In this issue we welcome a contribution from Brett Shadle, an Associate Professor of African History at Virginia Tech in Blacksburg, Virginia, USA. His contribution focuses on refugee rights violations under warehousing, questioning whether the refugees have the right to know about the impacts of decision making on their futures and life as they live in limbo!

We are tapping into the human aspect on the escalating deadly violence within the Turkana country that claimed at least 25 lives between the two rival communities of Turkana and Pokot in the fall of last year. The two nomadic groups often clash over cattle rustling and boundary disputes.

KANERE has interviewed a large number of Somali refugees on the community talking point: “What do you think about the Somali repatriation?” Their perspectives constitute a range of public opinion!

In Kakuma 1 camp settlement, a family mourns after their residential house burst into flames killing three children last December, that left unforgettable sad memories for many residents. In line with humanitarian best practices, the Refugee Consortium of Kenya (RCK) organized legal awareness forums in the season of the 16 Days of Gender Activism throughout Kakuma. The RCK’s legal awareness training was mostly welcomed as it was found meaningful by refugee communities in terms of their pro bono legal advice for refugees in the camp.

Moreover, the Refugee Status Determination (RSD) process has slowly been taken over from the UN Refugee Agency – UNHCR by the Kenyan Government through the Department of Refugee Affairs (DRA), which has assumed full responsibility for the RSD process in Kakuma refugee camp. In 1991, in unclear circumstances, UNHCR was given the responsibility of conducting the RSD on behalf of the Kenyan government. However after many decades of UNHCR performing the vital role of the state, the refugees and asylum seekers are unclear about UNHCR’s accountability! Have they failed the refugees?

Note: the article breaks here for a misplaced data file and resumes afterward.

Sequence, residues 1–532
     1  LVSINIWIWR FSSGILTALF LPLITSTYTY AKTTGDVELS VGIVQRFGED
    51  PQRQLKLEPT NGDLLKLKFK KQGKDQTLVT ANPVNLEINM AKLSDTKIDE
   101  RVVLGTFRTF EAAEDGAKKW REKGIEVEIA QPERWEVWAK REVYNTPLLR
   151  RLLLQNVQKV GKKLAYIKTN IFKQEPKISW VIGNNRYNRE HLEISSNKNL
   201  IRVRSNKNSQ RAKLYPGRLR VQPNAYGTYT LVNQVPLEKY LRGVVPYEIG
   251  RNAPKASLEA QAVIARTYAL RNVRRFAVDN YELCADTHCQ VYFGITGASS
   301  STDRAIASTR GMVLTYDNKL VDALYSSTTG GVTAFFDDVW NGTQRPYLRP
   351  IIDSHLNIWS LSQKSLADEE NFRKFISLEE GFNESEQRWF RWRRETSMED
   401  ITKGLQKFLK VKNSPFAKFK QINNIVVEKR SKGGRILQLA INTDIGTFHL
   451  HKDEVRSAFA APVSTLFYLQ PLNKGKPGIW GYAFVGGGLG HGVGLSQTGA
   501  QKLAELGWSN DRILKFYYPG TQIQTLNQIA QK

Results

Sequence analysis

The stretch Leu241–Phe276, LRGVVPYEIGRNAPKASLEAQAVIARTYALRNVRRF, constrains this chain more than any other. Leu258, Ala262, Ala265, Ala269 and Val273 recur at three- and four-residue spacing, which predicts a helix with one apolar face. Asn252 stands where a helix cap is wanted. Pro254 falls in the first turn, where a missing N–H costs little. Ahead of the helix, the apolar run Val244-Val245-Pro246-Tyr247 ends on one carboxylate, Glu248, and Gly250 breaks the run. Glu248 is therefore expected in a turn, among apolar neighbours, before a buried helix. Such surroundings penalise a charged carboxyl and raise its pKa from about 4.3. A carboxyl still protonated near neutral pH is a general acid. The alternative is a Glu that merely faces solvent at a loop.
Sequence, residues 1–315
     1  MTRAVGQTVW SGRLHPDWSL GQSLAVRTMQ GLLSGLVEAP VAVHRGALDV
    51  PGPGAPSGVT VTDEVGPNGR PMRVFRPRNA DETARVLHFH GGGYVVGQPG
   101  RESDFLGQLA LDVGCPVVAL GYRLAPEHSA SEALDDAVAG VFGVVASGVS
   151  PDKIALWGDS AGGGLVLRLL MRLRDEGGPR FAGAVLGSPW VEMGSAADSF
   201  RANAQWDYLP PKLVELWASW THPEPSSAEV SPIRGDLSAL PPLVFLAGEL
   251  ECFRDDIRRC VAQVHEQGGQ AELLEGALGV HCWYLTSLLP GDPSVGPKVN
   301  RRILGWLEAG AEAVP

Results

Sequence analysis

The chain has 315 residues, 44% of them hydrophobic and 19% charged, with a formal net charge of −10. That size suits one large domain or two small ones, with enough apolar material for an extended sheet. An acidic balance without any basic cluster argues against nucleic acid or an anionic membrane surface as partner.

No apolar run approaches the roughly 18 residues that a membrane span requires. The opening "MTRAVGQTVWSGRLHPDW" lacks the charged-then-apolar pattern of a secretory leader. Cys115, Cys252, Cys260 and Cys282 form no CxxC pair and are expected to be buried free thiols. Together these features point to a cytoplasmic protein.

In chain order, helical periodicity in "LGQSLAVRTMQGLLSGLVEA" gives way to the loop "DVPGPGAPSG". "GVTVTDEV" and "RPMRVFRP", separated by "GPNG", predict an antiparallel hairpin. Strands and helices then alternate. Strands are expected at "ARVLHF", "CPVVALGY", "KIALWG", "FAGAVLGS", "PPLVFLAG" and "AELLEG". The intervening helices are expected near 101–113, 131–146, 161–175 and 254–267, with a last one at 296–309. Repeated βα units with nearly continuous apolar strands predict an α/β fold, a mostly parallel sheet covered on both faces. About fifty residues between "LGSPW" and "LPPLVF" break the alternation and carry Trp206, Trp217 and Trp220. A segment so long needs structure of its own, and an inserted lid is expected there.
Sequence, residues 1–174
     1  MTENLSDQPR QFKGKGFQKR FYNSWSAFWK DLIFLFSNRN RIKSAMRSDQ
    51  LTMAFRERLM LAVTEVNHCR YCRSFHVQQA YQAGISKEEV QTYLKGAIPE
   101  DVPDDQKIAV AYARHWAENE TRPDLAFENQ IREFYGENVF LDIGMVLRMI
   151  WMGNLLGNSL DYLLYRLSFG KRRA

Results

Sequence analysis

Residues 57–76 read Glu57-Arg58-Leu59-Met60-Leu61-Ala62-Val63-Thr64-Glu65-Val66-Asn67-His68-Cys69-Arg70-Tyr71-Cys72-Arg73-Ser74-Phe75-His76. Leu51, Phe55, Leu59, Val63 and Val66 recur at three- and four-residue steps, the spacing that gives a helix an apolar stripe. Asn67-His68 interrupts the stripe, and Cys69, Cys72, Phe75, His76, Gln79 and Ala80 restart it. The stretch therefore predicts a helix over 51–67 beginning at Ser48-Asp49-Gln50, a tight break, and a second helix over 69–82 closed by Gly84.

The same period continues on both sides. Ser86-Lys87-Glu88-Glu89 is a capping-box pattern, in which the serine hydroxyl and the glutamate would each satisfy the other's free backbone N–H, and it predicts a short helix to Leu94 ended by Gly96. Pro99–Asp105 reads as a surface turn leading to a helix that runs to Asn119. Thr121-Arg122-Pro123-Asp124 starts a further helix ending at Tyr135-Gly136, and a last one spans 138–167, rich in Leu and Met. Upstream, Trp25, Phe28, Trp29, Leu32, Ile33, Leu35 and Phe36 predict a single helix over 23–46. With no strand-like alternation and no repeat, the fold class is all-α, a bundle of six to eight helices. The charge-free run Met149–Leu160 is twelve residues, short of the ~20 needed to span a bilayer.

On press freedom, one alarming incident was recorded over the year where a Kanere reporter was assaulted and his cell phone crushed by an NGO local guard as he photographed an event in September 2013. The matter was reported to the police and justice is waiting to be done on the case.

On behalf of all the members of KANERE team, I take this opportunity to wish you a Happy New Year 2014 with more peace and freedom.

We love to hear your feedback,


Qaabata Boru – Kanere Editorial Executive 

Letter from the Editor

Posted in Letter from the Editor by KANERE on November 30, 2013

Dear Kanere community here & abroad,

Foremost, it’s with great enthusiasm that we announce that Kakuma News Reflector (or KANERE) has obtained its registration status as a national Non-Governmental Organization (NGO) in Kenya. KANERE strongly welcomes further collaboration from all the Government Departments within Turkana County, the Department of Refugee Affairs, the UNHCR Head of Sub-Office and other humanitarian agencies in Kakuma.

Currently, Kanere is being published on quarterly basis until better funding is available for a monthly or a more regular publication. In this issue, we discuss different patterns of news and incidents that took place inside and outside the refugee camp that affected the refugees in Kenya.

In the camp, some sad news concerned the inter-communal conflicts which persisted inside the camp. In the month of September inter-communal fights escalated between Nuer and Gambella-Anyuak where more than twenty people sustained injuries. However, in the middle of this year at least eight people were killed in the similar violence in the camp, a story featured in this edition.

Food rations were reduced, while since October collection of food in every distribution in Kakuma and Dadaab Complex has been based on an online fingerprinting system. This move has caused instability and alarm to the beneficiaries of food aid. According to the refugee communities, the introduction of “No match no food” in the bio-metric food collection system was largely opposed, but the World Food Program (WFP) stated that the move was to enhance transparency and accountability in food distribution and monitoring.

In the Kenyan capital Nairobi, the Westgate terror attack had negative implications for refugees. The Kenya security machinery had to crack down in Kenya’s metropolis and major cities in the hunt for possible culprits, leading to arbitrary arrest and detentions of innocent refugees.

Following this insecurity, pressure has mounted in Kenya to close refugee camps and to return all Somali refugees to Mogadishu. The Governments of Kenya and Somalia have since worked closely with the UNHCR, establishing a Tripartite Commission on Standards and Procedures of voluntary repatriation for Somalis that was signed in Nairobi on Sunday 10 November, 2013.

However, since the Tripartite Commission was set up, xenophobia against Somali refugees has been on the rise both in camps and urban areas.